Without a lot of fanfare, many of the small companies that manufacture and distribute art supplies have been going green. I was just reading that very few industries overall are welcoming recent rollbacks of our US environmental protections. Major companies see no need to turn this train because it serves their customers and shareholders to keep their promise to be more efficient and reduce their long term impact. It seems that most companies do care about the long term effects of their methods and, more importantly, find that green tech is good for the bottom line. Maybe a few are cynically labelling themselves “eco-friendly” to get into the pocket of the SRCs (Socially Responsible Consumers) but those customers are not just the stereotypical college professors and yuppies.
Most importantly, in my opinion, we learn that plenty of companies that are new or expanding make a business decision for their facility that has more to do with their operations than their marketing department. We figured that this week we’d call out a few cool things that we’ve noticed happening in our niche of the economy beyond strategically investing in LED replacement bulbs.
- MABEF has been producing fine painting supports in Italy since 1948. Their “French Easels” are iconic gear for the outdoor and portable painter . It turns out that MABEF uses only Forest Stewardship Council certified beechwood in their products, meaning the wood has come from a forest and supply chain that is managed responsibly. Even the scraps and saw dust from the manufacturing process are converted to wood pellets that heat the MABEF factory and offices.
- Artograph makes light tables and projectors and has been bringing their production of some of these products back onshore to the US (in nearby Delano, MN) which reduces the fuel used in shipping and transport.
- Stabilo (Markers, Pencils, and Pens) added an environmental officer in the early 90s and pays very close attention to where their products come from and where they end up after the artist is done with them. I like their FAQ.
- Gamblin Artist Oils has a page that wisely talks about the safety of the artist in the same breath with the safety of the environment. Their Gamsol product is designed with both in mind and every oil painter should be familiar with these safe studio practices. They are like a lot of other manufacturers that also power with wind and are sharply on top of their waste management.
- DaVinci Brushes relocated their new factory in 2006 to cut the commute of their staff and keep them close to public transport. The facility is green and happy employees are good for business!
Making paper consumes a lot of water in the growing of the pulp plants and in the papermaking process. The manufacturing process can contaminate waste water with bleaches and other chemicals. Also, the product is just plain heavy to ship, which drinks a lot of fuel. All of our manufacturers are addressing these issues. Here are some good examples of where their care with our resources makes good business sense:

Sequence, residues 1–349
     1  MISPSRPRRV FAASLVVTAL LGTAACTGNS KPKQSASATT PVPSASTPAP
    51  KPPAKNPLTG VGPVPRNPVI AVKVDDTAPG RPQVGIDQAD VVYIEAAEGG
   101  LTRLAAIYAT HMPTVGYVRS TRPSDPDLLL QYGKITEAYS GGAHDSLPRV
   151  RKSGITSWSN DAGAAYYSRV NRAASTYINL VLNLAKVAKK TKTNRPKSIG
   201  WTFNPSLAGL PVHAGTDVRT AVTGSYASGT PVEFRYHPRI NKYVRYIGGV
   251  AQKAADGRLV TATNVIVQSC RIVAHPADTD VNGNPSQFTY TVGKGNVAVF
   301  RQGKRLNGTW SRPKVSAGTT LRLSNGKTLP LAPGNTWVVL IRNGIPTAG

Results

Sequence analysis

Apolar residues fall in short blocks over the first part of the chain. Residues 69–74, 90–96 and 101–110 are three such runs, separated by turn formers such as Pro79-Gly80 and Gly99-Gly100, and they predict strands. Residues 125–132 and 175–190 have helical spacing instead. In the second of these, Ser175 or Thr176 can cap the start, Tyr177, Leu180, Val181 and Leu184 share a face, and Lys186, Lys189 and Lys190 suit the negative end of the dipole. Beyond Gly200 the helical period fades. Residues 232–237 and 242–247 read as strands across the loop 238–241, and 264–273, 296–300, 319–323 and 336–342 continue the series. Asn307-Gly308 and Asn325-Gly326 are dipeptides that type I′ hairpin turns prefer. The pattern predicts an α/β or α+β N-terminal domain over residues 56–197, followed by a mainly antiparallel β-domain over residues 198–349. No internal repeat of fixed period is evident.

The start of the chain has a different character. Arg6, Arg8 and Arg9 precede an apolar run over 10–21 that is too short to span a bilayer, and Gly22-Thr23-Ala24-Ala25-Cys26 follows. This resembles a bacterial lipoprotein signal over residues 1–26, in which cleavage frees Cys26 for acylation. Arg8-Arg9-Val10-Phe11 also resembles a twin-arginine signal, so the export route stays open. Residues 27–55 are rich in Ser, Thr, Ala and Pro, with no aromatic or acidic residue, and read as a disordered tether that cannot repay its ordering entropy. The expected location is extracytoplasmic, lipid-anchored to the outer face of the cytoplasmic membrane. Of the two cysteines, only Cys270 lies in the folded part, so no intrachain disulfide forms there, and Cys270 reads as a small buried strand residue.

- Clairefontaine (Rhodia) makes some of our most popular softcover note/sketchbooks. Like more than a few other companies they use only pulp from managed forests.
- We have several companies that use renewable plants for their stock, like the Lokta papers we were featuring this week and papers made with hemp or kenaf fiber.
- Strathmore, Bee and others mills routinely now use 20-30% PCW (Post Consumer Waste) in their sketch paper. That’s a big deal as 20 years ago “recycled” was usually pre-consumer, meaning that a company was just re-pulping waste material and overstock found in their facility. Now they buy from companies like our local Rock-Ten and keep my shredded credit card offers out of the landfill.
Some of this corporate responsibility is visible on the packages, but not all of it is shouty big green “ECO-Friendly Organic Paintbrush” stickers with treefrogs and leaves on the labels. I went looking and found these everywhere, not just in the brands mentioned here. I encourage you to grab the pads on our shelves and read the inner or back covers to learn more about each pad’s sources. It’s there and I’m impressed. If you don’t see it on the packages, hit the manufacturers’ websites or ask us and we’ll have a chat with our vendors. It’s not all of them, but I have been really lifted up to discover that this has been threaded so thoroughly throughout our business over that last couple of decades that it is now just a fact of how we do business and I cannot expect any of this is going to be dropped in the next few years.
Absent the protection of law, the good news from 2017 is that few companies would turn their back on the consumers who want them to be responsible and only a poor quality business would think they could survive in the long term by being purposefully neglectful of their natural resources.
Heavy. Maybe next week we’ll investigate the practices of craft breweries and distilleries that compost and send their spent mash to farms for cattle feed.